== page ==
“Everyone deserves a great love story,” declared 20th Century Fox when promoting the movie. And, a great love story is definitely what you get. But, Love, Simon is so much more than a cute high school romance. It is also a powerful story about identity, growth, and pushing back against societal expectations. Though unfortunate that it has taken so long, it seems appropriate then that Love, Simon broke the Hollywood mold by becoming the first romance with a gay protagonist to be produced by a major film studio.
Whoopi Goldberg once said that “normal is nothing more than a cycle on a washing machine.” Normal therefore should not be an adjective for people. Society should not have standards for others’ identities. And, in the new romantic comedy Love, Simon, this issue of social normalcy is of utmost importance. Simon wants to know, “Why is straight the default?”
Adapted from young adult novel Simon vs. the Homo Sapiens Agenda by Becky Albertalli, Love, Simon follows Simon Spier, a high schooler in Atlanta who has a secret: he’s gay. The only one who knows is his online pen pal, Blue, another closeted gay teen at his school. After exchanging many emails (under the pseudonym Jacques), Simon begins to fall in love with his mystery classmate. However, as he begins to get closer to Blue and tries to determine his identity, Simon’s life quickly grows more and more complicated.
After Simon accidentally forgets to log out of his email, his classmate Martin discovers his secret and threatens to expose Simon to the whole school unless he helps him to get the attention of one of Simon’s best friends, Abby. Unfortunately for Simon, his efforts to help his blackmailer are futile and chaos ensues as Martin vengefully outs him online.
Inspired in some ways by John Hughes’ films, director Greg Berlanti had large shoes to fill, but he does not disappoint. (And if you know me, you’ll know I am a huge John Hughes fan.) The film has its own unique story and charm, but it also shares characteristics of some of the most iconic teen flicks of the 1980s. Love, Simon deserves to be acknowledged in contemporary film canon.
With a fantastic cast, including Nick Robinson, Katherine Langford, Jennifer Garner, and Josh Duhamel, the story truly came to life. Each cast member was perfect for their respective roles and the relationship Simon had with each of the characters truly felt human and authentic. In particular, Simon’s relationship with his parents was unique and raw. Unlike most fictional worlds following teen characters, Simon actually had a strong relationship with his family and continued to maintain that relationship throughout the film. Oftentimes family is removed or is a negative source of energy in teen characters’ lives, but this was refreshingly not the case in Love, Simon.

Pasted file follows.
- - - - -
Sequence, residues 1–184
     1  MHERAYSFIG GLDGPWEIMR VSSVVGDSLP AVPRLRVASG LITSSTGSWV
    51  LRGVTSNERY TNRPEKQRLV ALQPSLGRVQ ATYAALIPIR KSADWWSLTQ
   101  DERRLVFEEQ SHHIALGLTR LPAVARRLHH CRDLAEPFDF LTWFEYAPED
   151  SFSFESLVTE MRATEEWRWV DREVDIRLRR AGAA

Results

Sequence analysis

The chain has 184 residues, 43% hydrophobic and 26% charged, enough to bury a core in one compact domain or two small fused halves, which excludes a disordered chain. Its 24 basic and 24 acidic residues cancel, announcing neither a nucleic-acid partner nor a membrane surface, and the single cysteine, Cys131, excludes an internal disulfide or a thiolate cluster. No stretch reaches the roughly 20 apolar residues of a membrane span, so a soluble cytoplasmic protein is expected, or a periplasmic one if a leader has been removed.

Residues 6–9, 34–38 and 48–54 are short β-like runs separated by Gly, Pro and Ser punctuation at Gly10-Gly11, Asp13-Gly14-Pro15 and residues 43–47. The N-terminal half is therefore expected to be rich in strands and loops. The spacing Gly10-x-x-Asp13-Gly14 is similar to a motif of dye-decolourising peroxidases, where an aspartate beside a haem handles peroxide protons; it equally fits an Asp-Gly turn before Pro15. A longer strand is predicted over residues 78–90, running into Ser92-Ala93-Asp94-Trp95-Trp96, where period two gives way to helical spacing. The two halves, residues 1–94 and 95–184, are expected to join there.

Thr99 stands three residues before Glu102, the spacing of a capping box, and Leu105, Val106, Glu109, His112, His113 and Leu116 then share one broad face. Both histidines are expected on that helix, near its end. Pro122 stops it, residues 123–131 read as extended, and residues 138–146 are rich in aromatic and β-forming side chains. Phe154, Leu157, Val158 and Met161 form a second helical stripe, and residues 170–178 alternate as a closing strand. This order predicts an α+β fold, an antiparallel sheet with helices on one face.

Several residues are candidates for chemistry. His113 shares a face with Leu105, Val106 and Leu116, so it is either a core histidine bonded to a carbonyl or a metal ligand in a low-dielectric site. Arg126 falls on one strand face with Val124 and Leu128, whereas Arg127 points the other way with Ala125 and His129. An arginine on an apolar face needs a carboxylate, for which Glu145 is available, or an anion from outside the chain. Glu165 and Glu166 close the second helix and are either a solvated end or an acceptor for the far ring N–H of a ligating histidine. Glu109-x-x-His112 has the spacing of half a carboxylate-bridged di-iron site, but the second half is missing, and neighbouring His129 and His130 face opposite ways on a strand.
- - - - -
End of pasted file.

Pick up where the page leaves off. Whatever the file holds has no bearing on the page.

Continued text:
As a book addict with high standards for movie adaptations, I was pleasantly surprised by how everything translated to screen. I was especially nervous how they would handle the email exchanges, but they presented it in an exciting way, juxtaposing Simon’s messages with vignettes of Blue’s life based on Simon’s imagination as he struggles to solve the mystery. Most adaptations have to cut beloved scenes and details when presented in film, but Love, Simon remained true to its roots and gave the fans what they wanted, Oreo obsession and all.
Love, Simon is a must-see film. It made me cry, it made me laugh, and it definitely made me flail in excitement like the fangirl I am. It authentically captures the teen experience, from the highest highs to the lowest lows, and perfectly balances humor, fun, and an adorable romance with critical topics about identity and acceptance.